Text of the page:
Claiming “Otherness” is a useful thing in political campaign. It helps establish the perception of a moral center around which one’s allies can rally. It assists in the creation of an antagonist to further a narrative. “They” are not “of us.” “Their” preferences are alien to ours. “Ours” is the authentic vox populi.
While it is within the bounds of fair play to have a civil discussion, where debates among reasonable people are grounded in reality, it is quite another case to insist that one’s opinions are true simply because…well…one believes them to be true. “Your plan cuts down more trees than our plan. Why? Because it is your plan and therefore it must lead to bad things!” When one side adopts a “final vocabulary,” as Richard Rorty might say, it inhibits the ability of such a population to consider the validity of different perspectives. It is a signifier of a closed mind.
Political language is meant to persuade. Words and numbers are combined to develop the most compelling argument for (or against) one particular position or cause. Rhetoric is employed to communicate that argument to an audience. It is hoped that the language will move that audience to make a decision and take an action. That said, when language is twisted and debased... or when the “others” are termed “enemies,” that coarsens the discussion and weakens the foundations of democratic governance.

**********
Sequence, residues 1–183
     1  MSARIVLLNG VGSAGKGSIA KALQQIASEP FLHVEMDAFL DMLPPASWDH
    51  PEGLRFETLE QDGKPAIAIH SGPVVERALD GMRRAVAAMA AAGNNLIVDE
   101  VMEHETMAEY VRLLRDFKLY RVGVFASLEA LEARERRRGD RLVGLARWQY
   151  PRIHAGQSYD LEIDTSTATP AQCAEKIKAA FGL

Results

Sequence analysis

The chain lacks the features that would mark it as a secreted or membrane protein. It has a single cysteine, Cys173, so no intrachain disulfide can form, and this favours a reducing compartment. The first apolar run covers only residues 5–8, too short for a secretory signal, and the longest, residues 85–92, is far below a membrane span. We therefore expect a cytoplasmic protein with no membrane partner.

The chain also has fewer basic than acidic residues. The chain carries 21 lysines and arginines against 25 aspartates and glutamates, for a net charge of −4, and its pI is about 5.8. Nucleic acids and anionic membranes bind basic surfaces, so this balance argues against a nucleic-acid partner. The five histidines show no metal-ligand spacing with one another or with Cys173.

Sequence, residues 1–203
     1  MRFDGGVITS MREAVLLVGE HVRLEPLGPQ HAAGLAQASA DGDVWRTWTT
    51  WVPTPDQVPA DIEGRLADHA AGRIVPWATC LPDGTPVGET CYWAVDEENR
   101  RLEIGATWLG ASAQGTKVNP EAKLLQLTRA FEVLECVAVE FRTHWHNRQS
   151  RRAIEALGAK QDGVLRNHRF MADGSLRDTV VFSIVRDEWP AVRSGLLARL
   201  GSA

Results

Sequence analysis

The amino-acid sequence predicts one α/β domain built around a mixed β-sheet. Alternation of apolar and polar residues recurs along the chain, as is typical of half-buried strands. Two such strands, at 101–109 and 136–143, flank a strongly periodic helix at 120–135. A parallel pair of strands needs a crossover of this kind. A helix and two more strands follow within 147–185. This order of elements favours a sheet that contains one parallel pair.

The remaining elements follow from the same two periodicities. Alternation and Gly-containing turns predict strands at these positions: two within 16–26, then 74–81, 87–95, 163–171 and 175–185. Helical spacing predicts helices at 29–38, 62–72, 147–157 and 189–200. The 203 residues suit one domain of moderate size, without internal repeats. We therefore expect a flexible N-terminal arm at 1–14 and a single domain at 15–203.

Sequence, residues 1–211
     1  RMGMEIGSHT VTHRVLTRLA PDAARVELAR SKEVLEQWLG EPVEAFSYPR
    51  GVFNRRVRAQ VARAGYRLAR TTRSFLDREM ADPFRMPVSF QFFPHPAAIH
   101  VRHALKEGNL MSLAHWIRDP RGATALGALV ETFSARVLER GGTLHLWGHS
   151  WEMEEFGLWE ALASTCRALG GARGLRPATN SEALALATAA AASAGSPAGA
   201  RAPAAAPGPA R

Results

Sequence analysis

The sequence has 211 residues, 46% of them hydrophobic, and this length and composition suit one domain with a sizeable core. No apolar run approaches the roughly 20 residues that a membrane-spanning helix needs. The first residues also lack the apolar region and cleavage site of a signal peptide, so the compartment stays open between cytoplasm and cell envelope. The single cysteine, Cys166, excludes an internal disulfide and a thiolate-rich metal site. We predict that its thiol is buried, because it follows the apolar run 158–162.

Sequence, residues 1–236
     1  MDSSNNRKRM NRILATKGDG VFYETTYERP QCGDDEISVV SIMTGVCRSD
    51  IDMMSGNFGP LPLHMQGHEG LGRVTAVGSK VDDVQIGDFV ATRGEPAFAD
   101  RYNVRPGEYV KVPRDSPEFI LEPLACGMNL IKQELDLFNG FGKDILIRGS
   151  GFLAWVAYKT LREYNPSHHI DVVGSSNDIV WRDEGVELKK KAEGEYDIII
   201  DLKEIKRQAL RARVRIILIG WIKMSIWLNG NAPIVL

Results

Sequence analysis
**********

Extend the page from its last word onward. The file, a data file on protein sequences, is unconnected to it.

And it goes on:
Imagine if two groups were discussing waffles. One group describes a waffle as “leavened batter or dough cooked between two plates, patterned to give a characteristic size, shape and surface impression" (source: Wikipedia). Another group describes them as flattened disks of steaming evil and those who consume them are bad, ill-intentioned people. Where is the ability to find common ground? How can productive communication occur?
Of course that is what former Speaker of the House Newt Gingrich and certain GOP operatives did in the 1980s and 1990s when they sought to turn the word “liberal” into a vicious epithet. Sully the group and make their ideas unpalatable. In the short term, it might have given Gingrich and his coterie some victories….but it helped usher in an era of distrust, of hyper-partisanship, of gridlock and bitterness.
I have no hopes that his legacy will yield in favor of a newfound spirit of respect and cooperation anytime soon, not in DC. That said, I hope in our corner of the universe, in Howard County, we can find ways to talk with each other civilly, and not at each other angrily.
At least we should be able to agree on the definition of a waffle.
Stay tuned, as more will follow.